Version: 6.x-23
Community

Demo Installer

To quickly set up a Search Guard secured Elasticsearch cluster:

  1. Install the Search Guard Plugin to Elasticsearch
  2. Execute the Search Guard demo installation script

The demo installation script will setup and configure Search Guard on an existing Elasticsearch cluster. It also installs demo users and roles for Elasticsearch, Kibana and Logstash. It uses self-signed TLS certificates and unsafe configuration options, so do not use in production!

To use the (optional) Search Guard Kibana plugin which adds security and configuration features to Kibana:

  1. Install the Search Guard Kibana plugin to Kibana
  2. Add the minimal Kibana configuration to kibana.yml

Install Search Guard on Elasticsearch

Search Guard can be installed like any other Elasticsearch plugin by using the elasticsearch-plugin command.

Change to the directory of your Elasticsearch installation and type:

bin/elasticsearch-plugin install -b com.floragunn:search-guard-6:<version>

For example:

bin/elasticsearch-plugin install -b com.floragunn:search-guard-6:6.3.2-23.0

Replace the version number in the examples above with the exact version number that matches your Elasticsearch installation. A plugin built for Elasticsearch 6.3.0 will not run on Elasticsearch 6.2.4 and vice versa.

An overview of all available Search Guard versions can be found on the Search Guard Version Matrix page.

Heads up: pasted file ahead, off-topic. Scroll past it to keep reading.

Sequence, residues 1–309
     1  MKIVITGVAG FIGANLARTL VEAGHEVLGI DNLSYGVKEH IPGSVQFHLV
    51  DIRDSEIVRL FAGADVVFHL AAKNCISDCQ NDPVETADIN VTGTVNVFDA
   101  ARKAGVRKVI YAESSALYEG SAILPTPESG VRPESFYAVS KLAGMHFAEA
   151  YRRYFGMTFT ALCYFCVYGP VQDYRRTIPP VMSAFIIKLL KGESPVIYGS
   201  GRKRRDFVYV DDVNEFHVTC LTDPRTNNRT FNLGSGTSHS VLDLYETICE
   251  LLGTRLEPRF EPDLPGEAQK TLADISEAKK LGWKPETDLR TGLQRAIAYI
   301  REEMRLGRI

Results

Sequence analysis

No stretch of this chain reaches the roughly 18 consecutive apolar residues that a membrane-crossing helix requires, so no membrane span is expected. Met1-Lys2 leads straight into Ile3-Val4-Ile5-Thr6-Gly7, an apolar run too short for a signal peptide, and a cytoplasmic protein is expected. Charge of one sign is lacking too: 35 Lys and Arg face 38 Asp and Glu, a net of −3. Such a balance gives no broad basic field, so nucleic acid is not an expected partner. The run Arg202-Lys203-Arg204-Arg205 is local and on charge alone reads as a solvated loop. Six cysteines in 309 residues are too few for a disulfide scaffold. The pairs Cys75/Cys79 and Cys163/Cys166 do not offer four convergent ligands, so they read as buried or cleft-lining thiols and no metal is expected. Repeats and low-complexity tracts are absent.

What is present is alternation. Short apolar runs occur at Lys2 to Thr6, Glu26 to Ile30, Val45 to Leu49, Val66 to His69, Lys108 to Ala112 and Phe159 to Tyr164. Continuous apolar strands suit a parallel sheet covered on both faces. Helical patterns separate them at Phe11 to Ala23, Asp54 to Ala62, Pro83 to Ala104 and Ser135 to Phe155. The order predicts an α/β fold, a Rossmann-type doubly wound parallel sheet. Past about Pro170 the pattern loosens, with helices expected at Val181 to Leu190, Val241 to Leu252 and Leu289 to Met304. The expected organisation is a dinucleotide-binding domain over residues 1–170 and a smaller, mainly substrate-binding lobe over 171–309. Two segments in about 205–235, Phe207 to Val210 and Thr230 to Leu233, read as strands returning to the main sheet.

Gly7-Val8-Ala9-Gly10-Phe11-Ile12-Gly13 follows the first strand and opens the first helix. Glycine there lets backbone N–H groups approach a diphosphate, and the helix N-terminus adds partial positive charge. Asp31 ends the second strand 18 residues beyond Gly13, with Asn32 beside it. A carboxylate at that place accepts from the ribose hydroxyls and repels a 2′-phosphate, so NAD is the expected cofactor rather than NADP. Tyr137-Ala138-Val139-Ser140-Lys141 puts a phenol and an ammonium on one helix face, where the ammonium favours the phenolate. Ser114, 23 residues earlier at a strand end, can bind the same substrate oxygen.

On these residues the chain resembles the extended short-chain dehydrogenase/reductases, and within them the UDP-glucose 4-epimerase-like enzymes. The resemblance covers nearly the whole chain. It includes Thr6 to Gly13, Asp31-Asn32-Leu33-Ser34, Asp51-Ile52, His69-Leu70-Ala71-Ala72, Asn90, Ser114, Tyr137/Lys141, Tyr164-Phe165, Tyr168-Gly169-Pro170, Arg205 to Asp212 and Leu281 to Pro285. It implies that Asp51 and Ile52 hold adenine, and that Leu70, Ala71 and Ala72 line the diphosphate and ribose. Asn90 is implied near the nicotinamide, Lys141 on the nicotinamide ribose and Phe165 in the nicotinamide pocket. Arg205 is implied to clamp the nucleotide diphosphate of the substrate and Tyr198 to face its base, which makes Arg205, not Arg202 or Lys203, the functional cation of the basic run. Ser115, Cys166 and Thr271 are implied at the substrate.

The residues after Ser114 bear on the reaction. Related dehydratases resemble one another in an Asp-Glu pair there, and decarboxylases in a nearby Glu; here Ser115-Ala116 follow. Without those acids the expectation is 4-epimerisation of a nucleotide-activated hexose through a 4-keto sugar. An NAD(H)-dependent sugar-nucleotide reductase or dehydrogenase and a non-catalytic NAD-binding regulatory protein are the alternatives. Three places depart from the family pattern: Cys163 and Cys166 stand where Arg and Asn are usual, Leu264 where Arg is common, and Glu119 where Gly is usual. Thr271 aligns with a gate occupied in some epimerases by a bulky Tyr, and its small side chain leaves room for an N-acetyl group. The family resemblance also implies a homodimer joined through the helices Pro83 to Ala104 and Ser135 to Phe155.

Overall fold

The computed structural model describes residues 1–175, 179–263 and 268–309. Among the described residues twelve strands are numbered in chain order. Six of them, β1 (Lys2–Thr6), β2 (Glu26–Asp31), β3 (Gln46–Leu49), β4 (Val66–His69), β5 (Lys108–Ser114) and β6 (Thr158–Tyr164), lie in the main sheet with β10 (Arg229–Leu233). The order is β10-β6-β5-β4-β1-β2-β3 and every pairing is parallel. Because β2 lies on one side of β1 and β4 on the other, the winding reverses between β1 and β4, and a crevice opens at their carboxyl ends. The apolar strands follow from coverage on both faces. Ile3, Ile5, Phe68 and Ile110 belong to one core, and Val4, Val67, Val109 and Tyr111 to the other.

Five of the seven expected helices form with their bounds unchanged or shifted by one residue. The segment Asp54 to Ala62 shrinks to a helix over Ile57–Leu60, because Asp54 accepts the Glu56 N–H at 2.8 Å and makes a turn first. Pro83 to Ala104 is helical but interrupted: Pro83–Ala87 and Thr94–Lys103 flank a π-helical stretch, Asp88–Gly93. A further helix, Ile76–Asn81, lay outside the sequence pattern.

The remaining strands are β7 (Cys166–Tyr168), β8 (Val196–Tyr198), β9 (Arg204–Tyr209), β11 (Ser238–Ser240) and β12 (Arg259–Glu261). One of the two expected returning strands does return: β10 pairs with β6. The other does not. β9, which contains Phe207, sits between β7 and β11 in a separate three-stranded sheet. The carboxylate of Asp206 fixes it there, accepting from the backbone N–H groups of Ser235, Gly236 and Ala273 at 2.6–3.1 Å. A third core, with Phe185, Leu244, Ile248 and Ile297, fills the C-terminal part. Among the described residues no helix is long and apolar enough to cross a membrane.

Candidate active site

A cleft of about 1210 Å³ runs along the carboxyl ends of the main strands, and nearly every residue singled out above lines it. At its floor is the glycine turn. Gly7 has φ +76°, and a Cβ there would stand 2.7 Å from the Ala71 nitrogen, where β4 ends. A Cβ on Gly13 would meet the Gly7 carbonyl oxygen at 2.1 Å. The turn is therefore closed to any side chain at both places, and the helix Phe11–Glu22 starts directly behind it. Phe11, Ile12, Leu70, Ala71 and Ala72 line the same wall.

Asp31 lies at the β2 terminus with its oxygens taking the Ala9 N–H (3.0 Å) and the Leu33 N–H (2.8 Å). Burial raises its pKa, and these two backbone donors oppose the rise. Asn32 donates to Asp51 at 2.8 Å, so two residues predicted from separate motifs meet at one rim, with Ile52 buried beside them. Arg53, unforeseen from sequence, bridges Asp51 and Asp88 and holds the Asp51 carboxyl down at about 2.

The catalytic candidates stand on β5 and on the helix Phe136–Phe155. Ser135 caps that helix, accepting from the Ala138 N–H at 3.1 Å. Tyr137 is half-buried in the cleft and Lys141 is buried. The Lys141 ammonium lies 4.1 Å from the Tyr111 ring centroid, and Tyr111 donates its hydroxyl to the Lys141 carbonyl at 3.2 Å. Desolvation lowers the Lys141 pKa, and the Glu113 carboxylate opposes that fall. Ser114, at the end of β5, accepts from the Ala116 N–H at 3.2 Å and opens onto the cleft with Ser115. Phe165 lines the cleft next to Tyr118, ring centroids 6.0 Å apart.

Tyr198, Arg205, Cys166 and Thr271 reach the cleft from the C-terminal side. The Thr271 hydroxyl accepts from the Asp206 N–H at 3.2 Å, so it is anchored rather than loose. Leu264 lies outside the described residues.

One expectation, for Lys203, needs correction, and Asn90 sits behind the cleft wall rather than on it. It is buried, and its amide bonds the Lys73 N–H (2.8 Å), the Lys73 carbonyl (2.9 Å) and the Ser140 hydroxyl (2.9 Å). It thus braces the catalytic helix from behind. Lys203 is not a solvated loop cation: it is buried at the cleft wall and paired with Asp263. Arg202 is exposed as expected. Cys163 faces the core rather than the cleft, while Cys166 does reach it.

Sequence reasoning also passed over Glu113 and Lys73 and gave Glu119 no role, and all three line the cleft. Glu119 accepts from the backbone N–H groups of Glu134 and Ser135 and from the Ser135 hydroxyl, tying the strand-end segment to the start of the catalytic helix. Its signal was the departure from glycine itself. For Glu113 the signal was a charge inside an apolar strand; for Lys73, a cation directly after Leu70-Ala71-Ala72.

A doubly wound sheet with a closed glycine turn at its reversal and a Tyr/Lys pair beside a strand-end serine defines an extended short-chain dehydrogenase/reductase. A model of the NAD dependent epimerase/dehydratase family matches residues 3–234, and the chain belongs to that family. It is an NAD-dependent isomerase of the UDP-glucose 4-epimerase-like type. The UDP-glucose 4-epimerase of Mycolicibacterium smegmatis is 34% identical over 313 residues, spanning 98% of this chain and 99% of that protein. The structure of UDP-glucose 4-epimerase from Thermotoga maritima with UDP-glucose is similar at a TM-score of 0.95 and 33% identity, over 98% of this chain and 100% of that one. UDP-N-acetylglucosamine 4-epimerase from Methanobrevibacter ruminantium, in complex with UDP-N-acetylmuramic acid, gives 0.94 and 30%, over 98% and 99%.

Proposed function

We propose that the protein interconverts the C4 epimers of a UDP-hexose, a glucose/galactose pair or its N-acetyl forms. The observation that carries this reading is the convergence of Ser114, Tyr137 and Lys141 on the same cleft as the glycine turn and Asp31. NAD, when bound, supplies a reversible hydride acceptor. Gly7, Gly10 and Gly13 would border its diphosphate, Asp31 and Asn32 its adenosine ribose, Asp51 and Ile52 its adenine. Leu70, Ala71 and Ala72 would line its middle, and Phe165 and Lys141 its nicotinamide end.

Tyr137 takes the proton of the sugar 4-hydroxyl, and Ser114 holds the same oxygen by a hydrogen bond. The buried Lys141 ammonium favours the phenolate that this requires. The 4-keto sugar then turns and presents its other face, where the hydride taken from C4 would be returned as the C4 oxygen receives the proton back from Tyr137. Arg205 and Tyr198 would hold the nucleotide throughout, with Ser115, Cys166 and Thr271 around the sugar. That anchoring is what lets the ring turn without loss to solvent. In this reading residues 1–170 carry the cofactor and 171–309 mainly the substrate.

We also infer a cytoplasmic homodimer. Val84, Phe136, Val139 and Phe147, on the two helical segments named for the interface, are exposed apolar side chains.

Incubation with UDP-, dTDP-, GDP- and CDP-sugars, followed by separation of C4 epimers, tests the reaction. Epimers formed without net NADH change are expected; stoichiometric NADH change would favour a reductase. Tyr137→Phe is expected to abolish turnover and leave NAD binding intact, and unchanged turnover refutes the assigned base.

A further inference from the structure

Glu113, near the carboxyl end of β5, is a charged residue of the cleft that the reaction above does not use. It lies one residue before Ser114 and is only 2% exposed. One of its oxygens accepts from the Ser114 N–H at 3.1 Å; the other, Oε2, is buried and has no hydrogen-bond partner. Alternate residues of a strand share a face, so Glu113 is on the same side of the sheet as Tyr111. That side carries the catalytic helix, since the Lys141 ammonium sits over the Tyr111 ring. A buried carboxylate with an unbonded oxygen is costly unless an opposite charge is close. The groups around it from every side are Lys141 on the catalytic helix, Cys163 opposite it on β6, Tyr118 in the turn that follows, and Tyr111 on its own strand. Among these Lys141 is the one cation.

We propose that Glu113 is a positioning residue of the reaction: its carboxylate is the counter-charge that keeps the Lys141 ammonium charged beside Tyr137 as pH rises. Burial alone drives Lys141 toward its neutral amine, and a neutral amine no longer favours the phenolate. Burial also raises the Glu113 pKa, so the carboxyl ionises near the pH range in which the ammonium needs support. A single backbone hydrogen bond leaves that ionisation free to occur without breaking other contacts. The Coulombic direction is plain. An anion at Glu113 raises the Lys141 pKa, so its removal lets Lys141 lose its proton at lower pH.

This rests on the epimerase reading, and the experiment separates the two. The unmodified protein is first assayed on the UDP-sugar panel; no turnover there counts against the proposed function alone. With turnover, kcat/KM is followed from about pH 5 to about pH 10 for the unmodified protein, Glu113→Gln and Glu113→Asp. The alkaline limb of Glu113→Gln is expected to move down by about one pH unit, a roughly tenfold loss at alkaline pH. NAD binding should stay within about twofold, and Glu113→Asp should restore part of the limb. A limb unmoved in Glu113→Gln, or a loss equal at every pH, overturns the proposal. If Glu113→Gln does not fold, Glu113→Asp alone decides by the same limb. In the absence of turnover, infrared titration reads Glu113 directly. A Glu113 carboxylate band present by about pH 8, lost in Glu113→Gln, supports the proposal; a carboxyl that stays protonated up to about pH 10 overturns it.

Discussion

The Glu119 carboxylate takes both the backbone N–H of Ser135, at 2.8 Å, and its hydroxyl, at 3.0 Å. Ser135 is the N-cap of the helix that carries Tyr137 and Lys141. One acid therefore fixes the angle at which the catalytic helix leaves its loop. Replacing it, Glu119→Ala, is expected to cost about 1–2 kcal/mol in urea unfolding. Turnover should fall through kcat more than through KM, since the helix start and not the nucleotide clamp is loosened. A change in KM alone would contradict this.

For offline installation and more details, see the Search Guard installation chapter

Execute the demo installation script

Search Guard ships with a demo installation script. The script will:

  • Add demo TLS certificates in PEM format to the config directory of Elasticsearch
  • Add the required TLS configuration to the elasticsearch.yml file.
  • Add the auto-initialize option to elasticsearch.yml. This option will initialize the Search Guard configuration index automatically if it does not exist.
  • Generate a sgadmin_demo.sh script that you can use for applying configuration changes on the command line

Note that the script only works with vanilla Elasticsearch installations. If you already made changes to elasticsearch.yml, especially the cluster name and the host entries, you might need to adapt the generated configuration.

To execute the demo installation:

  • cd into <Elasticsearch directory>/plugins/search-guard-6/tools
  • Execute ./install_demo_configuration.sh (chmod the script first if necessary.)

The demo installer will ask if you would like to install the demo certificates, if the Search Guard configuaration should be automatically initialized and if cluster mode should be enabled. Answer as follows:

Search Guard 6 Demo Installer
 ** Warning: Do not use on production or publicly reachable systems **
Install demo certificates? [y/N] y
Initialize Search Guard? [y/N] y
Enable cluster mode? [y/N] n
  • Install demo certificates
    • Whether to install the self-signed demo TLS certificates or not
  • Initialize Search Guard
    • Whether to auto-initialize Search Guard with the demo configuration
    • If answered with y, Search Guard will initialize the configuration index with the files from the <Elasticsearch directory>/plugins/search-guard-6/sgconfig directory if the index does not exist
  • Enable cluster mode

Testing the Elasticsearch installation

  • Open https://localhost:9200/_searchguard/authinfo.
  • Accept the self-signed demo TLS certificate.
  • In the HTTP Basic Authentication dialogue, use admin as username and admin as password.
  • This will print out information about the user admin in JSON format.

Applying configuration changes

The Search Guard configuration, like users, roles and permissions, is stored in a dedicated index in Elasticsearch itself, the so-called Search Guard Index.

Changes to the Search Guard configuration must be applied to this index by either

  • Using the Kibana Configuration GUI (Enterprise feature)